The crash of a Romanian Airbus jet has again raised questions over Airbus' autopilot systems and whether standard pilot training is adequate for its high-tech planes.
Some experts say Airbus' more modern models - the so-called fly-by-wire jets controlled via computers and electronics rather than cables - require extensive training not always available in developing nations."We've told our members, `Don't mix Airbus and Third World airlines,"' said David Stempler, Washington spokesman for the International Airline Passengers Association.
The IAPA doesn't fault Airbus technology, but its newsletter recently questioned whether training in less developed nations is sufficient for the highly computerized cockpits of the newer A320, A330 and A340 models.
"That is totally unfounded, and we are looking into legal action" against IAPA, said Airbus spokeswoman Barbara Kracht. "Fly-by-wire has at no time been responsible for an accident."
The Airbus A310 belonging to Romania's Tarom Airlines crashed Friday just after taking off from Bucharest, killing all 59 people aboard.
No cause has been determined. Investigators found the plane's "black box" flight-data and voice recorders on Saturday.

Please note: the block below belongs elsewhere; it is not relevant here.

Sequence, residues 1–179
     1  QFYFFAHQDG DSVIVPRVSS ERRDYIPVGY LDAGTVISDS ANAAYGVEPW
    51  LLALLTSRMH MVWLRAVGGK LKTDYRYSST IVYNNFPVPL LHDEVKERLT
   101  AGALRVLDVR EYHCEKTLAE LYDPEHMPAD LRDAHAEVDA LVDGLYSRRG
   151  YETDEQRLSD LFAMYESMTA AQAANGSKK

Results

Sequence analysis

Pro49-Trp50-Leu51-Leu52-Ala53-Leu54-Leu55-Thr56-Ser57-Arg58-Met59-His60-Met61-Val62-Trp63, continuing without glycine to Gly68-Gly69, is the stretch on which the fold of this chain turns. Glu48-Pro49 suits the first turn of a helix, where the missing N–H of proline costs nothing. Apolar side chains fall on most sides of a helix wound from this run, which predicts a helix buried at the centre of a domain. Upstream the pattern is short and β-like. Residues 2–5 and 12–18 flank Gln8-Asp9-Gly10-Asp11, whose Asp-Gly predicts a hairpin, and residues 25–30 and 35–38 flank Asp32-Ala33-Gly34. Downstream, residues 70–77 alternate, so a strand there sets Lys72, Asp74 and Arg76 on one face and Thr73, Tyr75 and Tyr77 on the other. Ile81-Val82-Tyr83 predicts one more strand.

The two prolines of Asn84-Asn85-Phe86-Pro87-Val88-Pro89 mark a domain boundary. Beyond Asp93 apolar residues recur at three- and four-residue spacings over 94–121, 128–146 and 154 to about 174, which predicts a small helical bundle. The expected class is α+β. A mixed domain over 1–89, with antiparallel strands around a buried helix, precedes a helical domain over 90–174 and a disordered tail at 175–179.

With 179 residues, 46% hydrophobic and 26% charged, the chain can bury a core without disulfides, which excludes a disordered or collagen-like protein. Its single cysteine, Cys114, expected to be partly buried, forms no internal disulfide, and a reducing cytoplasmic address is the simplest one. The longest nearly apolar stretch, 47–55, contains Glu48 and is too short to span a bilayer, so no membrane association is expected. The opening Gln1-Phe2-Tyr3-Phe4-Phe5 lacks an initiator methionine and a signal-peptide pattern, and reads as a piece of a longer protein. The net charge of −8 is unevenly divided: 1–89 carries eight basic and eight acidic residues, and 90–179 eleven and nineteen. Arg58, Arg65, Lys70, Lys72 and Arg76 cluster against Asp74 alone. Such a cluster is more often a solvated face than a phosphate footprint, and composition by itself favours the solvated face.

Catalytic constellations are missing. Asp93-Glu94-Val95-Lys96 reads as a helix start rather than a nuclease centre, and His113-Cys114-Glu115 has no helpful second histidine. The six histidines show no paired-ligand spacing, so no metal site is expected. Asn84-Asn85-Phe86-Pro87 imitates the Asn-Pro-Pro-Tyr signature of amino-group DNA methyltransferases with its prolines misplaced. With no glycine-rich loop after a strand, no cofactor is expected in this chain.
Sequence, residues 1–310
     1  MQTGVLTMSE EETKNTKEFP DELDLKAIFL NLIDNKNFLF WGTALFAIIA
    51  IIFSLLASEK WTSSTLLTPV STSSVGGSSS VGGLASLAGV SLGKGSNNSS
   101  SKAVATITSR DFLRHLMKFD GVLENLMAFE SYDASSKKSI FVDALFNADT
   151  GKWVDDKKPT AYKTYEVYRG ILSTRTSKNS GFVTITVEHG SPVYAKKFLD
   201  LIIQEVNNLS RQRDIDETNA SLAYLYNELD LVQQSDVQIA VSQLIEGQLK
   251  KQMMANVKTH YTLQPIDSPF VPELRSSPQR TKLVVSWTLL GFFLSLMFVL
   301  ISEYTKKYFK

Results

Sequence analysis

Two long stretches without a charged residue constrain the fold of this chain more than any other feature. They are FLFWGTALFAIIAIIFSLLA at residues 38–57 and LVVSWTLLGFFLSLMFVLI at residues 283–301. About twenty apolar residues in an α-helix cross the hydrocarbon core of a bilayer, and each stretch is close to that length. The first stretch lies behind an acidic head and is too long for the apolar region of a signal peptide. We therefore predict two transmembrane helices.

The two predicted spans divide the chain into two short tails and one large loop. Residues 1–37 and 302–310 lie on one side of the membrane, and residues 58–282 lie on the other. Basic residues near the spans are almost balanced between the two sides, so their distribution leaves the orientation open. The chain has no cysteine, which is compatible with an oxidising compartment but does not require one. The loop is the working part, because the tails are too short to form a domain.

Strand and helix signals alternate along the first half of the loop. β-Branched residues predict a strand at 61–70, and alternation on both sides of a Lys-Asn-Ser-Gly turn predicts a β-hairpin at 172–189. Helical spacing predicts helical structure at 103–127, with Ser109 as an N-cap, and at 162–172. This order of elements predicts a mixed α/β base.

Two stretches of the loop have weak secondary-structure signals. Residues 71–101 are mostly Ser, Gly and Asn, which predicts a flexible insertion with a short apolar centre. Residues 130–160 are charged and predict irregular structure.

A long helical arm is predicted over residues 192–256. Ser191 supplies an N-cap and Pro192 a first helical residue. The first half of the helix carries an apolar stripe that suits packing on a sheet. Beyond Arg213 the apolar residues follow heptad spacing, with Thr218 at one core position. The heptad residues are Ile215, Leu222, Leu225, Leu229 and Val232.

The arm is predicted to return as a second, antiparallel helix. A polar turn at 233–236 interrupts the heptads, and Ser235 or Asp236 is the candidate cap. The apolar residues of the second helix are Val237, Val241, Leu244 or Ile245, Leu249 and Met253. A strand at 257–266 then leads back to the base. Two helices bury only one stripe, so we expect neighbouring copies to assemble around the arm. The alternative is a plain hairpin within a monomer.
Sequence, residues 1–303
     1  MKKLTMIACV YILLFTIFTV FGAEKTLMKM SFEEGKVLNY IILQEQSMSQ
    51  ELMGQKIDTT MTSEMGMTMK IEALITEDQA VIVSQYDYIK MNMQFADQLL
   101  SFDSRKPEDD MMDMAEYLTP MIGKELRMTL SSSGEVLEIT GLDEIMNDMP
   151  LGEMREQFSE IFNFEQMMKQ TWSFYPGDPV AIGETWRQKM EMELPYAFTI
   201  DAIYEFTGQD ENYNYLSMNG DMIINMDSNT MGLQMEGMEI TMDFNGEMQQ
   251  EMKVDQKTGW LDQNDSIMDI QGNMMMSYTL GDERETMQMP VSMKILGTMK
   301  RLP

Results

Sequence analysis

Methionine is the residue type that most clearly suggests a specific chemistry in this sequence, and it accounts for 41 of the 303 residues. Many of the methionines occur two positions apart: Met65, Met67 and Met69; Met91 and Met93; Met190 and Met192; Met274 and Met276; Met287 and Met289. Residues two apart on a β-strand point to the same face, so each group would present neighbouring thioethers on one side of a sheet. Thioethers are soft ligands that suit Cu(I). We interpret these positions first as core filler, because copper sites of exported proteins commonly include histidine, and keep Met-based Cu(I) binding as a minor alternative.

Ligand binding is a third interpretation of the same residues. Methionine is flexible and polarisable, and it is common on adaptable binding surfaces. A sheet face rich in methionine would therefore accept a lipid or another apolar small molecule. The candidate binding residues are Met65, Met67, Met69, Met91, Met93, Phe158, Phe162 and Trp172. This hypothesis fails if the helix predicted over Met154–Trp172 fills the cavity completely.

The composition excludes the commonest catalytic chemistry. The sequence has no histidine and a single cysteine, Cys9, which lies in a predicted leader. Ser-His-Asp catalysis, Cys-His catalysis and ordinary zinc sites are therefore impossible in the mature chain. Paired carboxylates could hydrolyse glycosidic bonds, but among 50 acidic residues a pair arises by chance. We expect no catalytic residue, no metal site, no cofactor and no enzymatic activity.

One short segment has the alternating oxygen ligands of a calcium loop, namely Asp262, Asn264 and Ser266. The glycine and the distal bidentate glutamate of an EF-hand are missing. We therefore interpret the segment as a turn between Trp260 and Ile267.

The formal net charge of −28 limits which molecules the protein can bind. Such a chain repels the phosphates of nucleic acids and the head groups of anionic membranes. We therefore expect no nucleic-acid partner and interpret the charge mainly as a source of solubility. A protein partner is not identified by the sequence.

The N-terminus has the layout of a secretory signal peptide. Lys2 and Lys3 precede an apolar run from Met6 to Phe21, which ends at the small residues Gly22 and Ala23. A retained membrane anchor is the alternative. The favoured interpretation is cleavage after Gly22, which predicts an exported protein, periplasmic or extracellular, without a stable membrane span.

Although the A310 has less-advanced technology than the newer models, the crash comes after a series of accidents that have raised questions about Airbus autopilot systems:
-In March 1994 an Aeroflot A310 crashed in Siberia, killing all 75 people aboard. The pilot's children were heard in the cockpit just before the crash, leading to suspicions the controls might have pulled out of place. Aeroflot maintained the cause was unclear and might have involved the autopilot.
-In April 1994 a China Airlines A300-600R crashed during an aborted landing at Nagoya, Japan, killing 264 of the 271 people on board. An investigation showed the inexperienced copilot was struggling with the autopilot controls.
-Last June an A330, Airbus' newest model, crashed just after takeoff on a test flight from Airbus headquarters in Toulouse, southern France, killing seven. An investigation cited a combination of errors and the crew's difficulty in ascertaining the autopilot's mode during a test mimicking an engine failure.